Everyone knows the opponents are at NYET. So while the entire world inside the beltway responds with heel-digging-in and blown deadlines, endless and circular “strategy” sessions on ObamaCare, the delusionals see an opportunity to keep bringing it up, feeding the fires of the passive-aggressive behavior all around them.
This is interesting, but I don’t entirely understand. Could you define passive-aggressive as Perrin and you are using it here, and give an example?
Also, what does NYET mean?
Robert Bove replies:
Perrin links to the Wiki definition of passive-aggressive behavior:
Passive-aggressive behavior (negative personality trait) is passive, sometimes obstructionist resistance to following through with expectations in interpersonal or occupational situations.
Re Perrin’s reference to NYET: Not an acronym, I assume, but all-caps version of the Russian “nyet.” (Can’t be New York Educational Television.)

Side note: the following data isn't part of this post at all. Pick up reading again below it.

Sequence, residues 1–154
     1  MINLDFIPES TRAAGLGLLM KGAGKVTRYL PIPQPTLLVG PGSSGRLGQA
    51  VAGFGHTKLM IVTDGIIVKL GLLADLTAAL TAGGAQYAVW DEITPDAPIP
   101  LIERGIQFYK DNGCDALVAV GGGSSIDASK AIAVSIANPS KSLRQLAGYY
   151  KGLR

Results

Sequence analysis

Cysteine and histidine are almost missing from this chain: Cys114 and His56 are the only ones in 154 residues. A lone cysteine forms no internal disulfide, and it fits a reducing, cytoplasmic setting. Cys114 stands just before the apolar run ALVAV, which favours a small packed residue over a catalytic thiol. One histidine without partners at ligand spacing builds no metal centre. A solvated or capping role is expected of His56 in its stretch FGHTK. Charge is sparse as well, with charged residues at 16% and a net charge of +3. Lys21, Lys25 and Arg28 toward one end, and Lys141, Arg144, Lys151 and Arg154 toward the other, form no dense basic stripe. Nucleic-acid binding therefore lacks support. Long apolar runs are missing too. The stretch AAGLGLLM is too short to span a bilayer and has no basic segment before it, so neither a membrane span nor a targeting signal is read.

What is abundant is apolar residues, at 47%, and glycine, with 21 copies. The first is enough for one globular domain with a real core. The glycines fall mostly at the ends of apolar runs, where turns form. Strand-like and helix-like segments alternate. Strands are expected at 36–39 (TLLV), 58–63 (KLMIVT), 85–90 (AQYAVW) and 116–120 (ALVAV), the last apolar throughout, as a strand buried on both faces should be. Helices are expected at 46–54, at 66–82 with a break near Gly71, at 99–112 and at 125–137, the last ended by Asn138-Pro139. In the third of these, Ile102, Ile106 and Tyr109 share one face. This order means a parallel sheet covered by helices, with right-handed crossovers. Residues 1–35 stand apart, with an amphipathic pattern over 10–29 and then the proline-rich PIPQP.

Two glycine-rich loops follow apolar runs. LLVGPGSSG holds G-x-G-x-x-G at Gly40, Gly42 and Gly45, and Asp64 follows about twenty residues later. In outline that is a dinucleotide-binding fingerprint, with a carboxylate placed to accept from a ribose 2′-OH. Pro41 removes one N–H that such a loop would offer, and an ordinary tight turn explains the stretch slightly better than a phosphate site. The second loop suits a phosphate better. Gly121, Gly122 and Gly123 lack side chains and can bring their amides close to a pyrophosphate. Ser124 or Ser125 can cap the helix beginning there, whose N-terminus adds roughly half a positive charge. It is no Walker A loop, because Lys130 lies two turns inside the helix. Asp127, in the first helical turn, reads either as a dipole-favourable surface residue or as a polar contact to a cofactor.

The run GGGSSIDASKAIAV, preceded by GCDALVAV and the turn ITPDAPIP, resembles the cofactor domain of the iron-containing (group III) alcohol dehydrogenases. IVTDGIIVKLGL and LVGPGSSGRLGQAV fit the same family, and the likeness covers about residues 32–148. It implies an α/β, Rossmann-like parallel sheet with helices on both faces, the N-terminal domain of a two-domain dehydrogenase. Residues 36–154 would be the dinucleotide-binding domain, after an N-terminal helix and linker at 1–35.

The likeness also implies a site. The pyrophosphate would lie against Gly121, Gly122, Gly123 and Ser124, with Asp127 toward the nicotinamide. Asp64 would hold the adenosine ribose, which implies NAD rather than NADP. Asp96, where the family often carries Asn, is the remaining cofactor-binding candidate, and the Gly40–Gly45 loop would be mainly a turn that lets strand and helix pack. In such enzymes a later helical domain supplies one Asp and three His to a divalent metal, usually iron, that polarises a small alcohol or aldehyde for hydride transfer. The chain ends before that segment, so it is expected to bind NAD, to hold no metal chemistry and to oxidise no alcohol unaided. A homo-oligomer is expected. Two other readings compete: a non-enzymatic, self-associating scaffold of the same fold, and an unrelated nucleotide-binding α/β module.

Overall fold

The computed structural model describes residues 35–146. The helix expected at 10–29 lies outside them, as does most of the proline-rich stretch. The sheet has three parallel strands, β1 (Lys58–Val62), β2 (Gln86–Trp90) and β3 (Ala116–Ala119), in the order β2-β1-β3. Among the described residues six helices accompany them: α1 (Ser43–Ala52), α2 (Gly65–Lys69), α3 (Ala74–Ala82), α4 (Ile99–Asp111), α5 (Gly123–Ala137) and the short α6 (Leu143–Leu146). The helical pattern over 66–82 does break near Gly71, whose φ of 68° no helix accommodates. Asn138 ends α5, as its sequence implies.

It is a personality trait marked by a pervasive pattern of negative attitudes and passive, usually disavowed resistance in interpersonal or occupational situations.
It can manifest itself as learned helplessness, procrastination, stubbornness, resentment, sullenness, or deliberate/repeated failure to accomplish requested tasks for which one is (often explicitly) responsible. It is a defense mechanism, and usually only partly conscious.
This dictionary, clinical type definition is too general, covering too much ground to be useful. What I want to know is, what do you mean by the term, specifically? And how is that specific attitude shown in the negotiations on the health care bill as described by Perrin?
Robert Bove replies: